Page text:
Rural Radiation Hazards

A new study from Duke University identifies a mechanism that is causing rural streams to have radiation levels 650x normal.PA topographical map

The culprit: wastewater from oil and natural gas wells. In 2011, Pennsylvania identified fracking as a potential source of this radiation and imposed treatment requirements on wastewater from fracking, but not on wastewater from other forms of drilling.

Researchers from Duke took measurements in three areas in western Pennsylvania between 2014 and 2017, in the towns of Josephine, Creekside and Franklin. These towns are all east and northeast of Pittsburgh, but within roughly 90 minutes driving distance of the city. They found continuing high levels of radiation in all locations despite treatment of wastewater from fracking.

“Despite the fact that conventional oil and gas wastewater is treated to reduce its radium content, we still found high levels of radioactive build-up in the stream sediments we sampled,” Vengosh said. “Radium is attached to these sediments, and over time even a small amount of radium being discharged into a stream accumulates to generate high radioactivity in the stream sediments.”(1)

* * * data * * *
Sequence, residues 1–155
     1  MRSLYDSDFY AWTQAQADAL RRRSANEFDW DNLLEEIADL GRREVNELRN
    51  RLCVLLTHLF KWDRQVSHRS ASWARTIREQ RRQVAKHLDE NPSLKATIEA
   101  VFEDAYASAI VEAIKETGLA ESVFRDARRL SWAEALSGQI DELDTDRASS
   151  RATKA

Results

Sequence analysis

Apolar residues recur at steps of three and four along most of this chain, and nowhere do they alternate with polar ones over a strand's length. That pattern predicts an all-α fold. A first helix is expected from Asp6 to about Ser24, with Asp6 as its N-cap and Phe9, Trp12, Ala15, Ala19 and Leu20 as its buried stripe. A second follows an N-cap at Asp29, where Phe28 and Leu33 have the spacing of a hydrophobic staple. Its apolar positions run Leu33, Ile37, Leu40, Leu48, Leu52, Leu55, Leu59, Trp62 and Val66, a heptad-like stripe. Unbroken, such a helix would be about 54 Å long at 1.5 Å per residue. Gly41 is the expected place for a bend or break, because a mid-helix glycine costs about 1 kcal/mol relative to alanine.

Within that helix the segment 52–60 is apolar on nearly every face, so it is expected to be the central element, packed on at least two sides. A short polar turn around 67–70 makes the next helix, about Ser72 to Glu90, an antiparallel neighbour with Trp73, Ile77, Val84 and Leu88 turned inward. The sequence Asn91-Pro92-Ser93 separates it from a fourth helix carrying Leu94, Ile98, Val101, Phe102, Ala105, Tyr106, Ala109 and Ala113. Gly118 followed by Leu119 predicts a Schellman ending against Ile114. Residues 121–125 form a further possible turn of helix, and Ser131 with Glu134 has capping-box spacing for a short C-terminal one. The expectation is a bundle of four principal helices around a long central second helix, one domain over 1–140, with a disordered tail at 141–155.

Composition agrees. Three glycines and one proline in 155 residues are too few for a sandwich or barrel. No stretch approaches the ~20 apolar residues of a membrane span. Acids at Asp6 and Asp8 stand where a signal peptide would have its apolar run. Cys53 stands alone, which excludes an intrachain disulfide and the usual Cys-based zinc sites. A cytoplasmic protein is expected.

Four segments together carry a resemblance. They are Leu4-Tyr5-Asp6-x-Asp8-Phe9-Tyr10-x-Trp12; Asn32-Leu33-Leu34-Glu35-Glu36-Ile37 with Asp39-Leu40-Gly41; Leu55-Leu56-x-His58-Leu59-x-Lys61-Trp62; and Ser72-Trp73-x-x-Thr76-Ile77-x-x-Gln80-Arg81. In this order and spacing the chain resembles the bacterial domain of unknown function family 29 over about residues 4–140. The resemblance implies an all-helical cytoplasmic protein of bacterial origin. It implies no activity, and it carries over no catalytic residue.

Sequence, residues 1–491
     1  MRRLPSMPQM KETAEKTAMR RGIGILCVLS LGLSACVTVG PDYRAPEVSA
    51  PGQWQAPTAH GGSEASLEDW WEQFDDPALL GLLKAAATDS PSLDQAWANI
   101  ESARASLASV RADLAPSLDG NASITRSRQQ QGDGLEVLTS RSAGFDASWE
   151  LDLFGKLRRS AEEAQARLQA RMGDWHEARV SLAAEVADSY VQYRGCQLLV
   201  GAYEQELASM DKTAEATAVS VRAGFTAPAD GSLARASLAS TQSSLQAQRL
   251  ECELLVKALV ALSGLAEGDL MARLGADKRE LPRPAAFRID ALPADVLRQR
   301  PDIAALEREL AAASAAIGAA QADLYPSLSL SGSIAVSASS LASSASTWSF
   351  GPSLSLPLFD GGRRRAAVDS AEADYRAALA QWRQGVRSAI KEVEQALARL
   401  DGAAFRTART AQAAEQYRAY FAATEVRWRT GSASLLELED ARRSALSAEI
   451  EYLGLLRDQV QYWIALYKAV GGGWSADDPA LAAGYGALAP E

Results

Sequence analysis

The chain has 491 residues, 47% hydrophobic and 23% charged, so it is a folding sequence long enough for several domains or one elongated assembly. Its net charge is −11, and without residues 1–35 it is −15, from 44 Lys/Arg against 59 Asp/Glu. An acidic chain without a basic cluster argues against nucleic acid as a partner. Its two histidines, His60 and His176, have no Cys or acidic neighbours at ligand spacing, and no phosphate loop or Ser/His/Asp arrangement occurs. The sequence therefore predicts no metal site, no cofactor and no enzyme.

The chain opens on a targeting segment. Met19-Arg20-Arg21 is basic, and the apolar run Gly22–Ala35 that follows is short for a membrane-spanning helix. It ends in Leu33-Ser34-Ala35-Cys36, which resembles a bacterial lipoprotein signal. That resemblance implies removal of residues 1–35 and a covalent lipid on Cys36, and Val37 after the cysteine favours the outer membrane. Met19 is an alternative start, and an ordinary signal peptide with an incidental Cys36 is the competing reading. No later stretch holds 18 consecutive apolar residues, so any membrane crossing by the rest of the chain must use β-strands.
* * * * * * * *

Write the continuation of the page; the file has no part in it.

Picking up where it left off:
Clearly, fracking wasn’t the sole cause of the problem, and that raises questions about groundwater pollution in other areas of the US in which convention drilling for oil and gas occurs.

Of course, having deer that glow in the dark could make life easier for drivers and hunters, but I’m not sure how appetizing the venison would be.


Sources:

  1. Nancy E. Lauer, Nathaniel R. Warner, Avner Vengosh. Sources of Radium Accumulation in Stream Sediments near Disposal Sites in Pennsylvania: Implications for Disposal of Conventional Oil and Gas Wastewater. Environmental Science & Technology, 2018; DOI: 10.1021/acs.est.7b04952
  2. Duke University. “Radioactivity from oil and gas wastewater persists in Pennsylvania stream sediments: Radioactivity in sediments at three disposal sites measured 650 times higher than normal..” ScienceDaily. ScienceDaily, 19 January 2018. <www.sciencedaily.com/releases/2018/01/180119141157.htm>.
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